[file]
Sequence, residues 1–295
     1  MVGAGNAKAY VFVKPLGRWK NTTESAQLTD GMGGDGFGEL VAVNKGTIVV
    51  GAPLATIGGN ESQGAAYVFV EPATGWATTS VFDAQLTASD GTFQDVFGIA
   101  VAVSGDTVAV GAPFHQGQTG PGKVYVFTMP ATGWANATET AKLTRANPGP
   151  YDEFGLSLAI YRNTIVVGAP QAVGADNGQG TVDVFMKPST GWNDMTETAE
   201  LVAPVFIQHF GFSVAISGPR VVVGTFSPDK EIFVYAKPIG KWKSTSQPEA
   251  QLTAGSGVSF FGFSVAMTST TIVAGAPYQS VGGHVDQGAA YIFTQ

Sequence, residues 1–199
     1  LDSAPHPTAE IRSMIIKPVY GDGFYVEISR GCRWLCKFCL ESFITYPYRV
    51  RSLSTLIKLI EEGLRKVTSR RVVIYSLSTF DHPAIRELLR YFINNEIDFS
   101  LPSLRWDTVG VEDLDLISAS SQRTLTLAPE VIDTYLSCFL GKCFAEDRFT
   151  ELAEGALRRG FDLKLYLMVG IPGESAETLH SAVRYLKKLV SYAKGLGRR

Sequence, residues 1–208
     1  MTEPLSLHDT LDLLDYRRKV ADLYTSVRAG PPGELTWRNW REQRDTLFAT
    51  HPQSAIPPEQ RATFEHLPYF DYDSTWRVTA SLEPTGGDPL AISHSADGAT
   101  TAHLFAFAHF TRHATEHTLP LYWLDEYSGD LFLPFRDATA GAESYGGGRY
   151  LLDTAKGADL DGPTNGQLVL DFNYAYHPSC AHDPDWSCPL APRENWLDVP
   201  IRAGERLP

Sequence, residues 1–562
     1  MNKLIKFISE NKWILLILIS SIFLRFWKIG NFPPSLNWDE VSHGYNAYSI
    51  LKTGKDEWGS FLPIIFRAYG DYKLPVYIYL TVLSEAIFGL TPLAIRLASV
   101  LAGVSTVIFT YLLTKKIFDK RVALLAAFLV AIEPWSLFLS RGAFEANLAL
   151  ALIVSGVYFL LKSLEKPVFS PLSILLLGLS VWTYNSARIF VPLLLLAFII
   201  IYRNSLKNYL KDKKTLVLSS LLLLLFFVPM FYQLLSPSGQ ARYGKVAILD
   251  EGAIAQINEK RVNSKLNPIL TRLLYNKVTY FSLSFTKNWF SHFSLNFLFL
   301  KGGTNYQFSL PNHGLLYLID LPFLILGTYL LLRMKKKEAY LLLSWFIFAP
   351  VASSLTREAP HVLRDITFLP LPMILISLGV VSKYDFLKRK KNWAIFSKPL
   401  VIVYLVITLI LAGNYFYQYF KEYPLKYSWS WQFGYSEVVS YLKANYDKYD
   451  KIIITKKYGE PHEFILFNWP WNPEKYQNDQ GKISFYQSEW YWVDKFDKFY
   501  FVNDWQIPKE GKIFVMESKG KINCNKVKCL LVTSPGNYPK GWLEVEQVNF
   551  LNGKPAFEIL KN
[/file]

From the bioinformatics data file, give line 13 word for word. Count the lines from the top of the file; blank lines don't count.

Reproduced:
Sequence, residues 1–208